The optimal sizing of the energy storage device has to be effected guaranteeing contemporaneously the voltage profile regularization at bothtrainpantographes, the substation current minimization and the supercapacitor size reduction. In the case of a single stationary storage device, this can be pursued by selecting the following objective function ф to be minimized:

ϕ = 0 T [ w 1 ( V T , e v e n V r e f ) 2 + w 2 ( V T , o d d V r e f ) 2 + w 3 I S U B 2 + w 4 I sup 2 ] d t E11

where w 1, w 2, w 3 and w 4 are suitable coefficients which are able to weight the previously mentioned requirements, V ref being the rated line voltage. In an analogous way, the proper objective function for on board arrangement can be determined.

The energy storage conservativeness on the whole time cycle can be described by the following isoperimetric condition:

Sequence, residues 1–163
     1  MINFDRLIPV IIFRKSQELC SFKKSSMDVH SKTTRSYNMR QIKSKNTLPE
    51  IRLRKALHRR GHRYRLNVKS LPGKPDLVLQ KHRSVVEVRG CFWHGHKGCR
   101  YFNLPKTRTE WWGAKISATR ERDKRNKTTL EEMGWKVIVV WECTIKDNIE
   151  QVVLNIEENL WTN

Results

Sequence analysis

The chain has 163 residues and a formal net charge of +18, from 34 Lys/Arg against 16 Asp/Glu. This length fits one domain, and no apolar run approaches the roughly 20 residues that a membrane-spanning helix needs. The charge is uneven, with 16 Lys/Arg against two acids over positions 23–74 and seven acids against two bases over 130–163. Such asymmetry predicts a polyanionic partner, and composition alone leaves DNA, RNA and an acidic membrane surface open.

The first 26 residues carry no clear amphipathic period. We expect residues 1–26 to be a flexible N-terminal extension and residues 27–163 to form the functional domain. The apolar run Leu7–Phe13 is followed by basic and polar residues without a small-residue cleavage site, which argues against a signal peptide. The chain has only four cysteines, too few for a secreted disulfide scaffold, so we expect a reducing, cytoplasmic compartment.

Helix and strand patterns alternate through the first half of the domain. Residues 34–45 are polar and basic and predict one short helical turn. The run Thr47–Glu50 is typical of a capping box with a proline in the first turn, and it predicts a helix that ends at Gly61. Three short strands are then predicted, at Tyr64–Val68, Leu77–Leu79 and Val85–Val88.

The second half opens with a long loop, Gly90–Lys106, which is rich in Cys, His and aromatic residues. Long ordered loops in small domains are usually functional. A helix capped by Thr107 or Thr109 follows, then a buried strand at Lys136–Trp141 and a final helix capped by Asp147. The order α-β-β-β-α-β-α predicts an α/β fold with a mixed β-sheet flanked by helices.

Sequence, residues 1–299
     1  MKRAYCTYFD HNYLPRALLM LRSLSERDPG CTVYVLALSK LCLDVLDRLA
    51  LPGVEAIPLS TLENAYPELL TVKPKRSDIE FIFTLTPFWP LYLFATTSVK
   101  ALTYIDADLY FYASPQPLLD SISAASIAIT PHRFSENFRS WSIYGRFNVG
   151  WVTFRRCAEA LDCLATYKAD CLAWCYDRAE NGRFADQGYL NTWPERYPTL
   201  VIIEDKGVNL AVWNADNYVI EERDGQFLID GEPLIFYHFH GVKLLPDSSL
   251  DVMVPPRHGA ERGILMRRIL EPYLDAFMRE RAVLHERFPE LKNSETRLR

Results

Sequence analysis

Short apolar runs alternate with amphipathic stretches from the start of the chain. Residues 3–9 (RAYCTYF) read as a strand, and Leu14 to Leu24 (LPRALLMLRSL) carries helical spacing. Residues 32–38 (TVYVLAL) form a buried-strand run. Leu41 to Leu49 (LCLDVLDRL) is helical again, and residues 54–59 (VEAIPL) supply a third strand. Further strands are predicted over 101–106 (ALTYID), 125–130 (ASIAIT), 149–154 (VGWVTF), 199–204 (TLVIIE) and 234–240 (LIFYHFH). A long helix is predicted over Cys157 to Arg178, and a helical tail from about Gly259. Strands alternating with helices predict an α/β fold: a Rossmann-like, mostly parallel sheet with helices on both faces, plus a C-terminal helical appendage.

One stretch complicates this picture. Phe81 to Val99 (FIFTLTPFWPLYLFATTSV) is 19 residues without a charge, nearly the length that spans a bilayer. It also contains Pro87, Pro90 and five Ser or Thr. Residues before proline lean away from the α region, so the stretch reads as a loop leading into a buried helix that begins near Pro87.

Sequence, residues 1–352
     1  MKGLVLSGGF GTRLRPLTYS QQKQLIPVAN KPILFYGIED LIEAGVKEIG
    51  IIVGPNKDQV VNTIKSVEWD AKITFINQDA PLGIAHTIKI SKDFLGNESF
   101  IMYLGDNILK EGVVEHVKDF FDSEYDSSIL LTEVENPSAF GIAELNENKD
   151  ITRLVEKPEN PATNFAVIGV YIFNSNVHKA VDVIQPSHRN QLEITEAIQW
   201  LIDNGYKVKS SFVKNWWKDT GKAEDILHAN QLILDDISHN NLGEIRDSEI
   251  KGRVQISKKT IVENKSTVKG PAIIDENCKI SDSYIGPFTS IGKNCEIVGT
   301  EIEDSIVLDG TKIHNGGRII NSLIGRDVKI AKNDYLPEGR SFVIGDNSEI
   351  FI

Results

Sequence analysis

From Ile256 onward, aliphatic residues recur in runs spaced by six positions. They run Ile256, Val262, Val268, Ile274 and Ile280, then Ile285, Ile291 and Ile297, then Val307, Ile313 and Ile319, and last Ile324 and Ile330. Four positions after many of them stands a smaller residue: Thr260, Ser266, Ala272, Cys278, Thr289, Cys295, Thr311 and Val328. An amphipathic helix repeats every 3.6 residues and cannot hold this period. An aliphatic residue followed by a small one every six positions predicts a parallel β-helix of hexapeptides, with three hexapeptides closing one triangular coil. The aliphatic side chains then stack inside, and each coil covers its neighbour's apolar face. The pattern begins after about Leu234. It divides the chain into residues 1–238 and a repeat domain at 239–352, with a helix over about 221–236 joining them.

0 T V sup I sup d t = 0 E12

The isoperimetric problem is completed by the equality constraints which have been described in 4.3 which substantially take into account the electrical network relationships and the electrical modeling of components.

In (D. Iannuzzi et al., 2011)the authors have provided an analytical solution to this problem for a simple case study, on the assumption that the input of the design procedure are the currents rather than the traction powers, this permitting to obtain a closed form to the optimization problem. In this paper the discretized version of the optimization problem is arranged, providing in this way a numerical solution. The sequential quadratic programming method, which belongs to the class of iterative methods, is employed which solves at each step a quadratic programmingproblem.


5. Numerical application

In order to verify the validity of the proposed procedure a realistic case with respect to actual operation, a 1.5 km double track line, 750 V nominal voltage, is investigated. A 120 seconds operation has been foreseen with two regular stops. The trains, equipped with regenerative braking, depending on the load dynamic behavior, absorb or generate the corresponding electrical powers. The simulation data are reported in Table 1.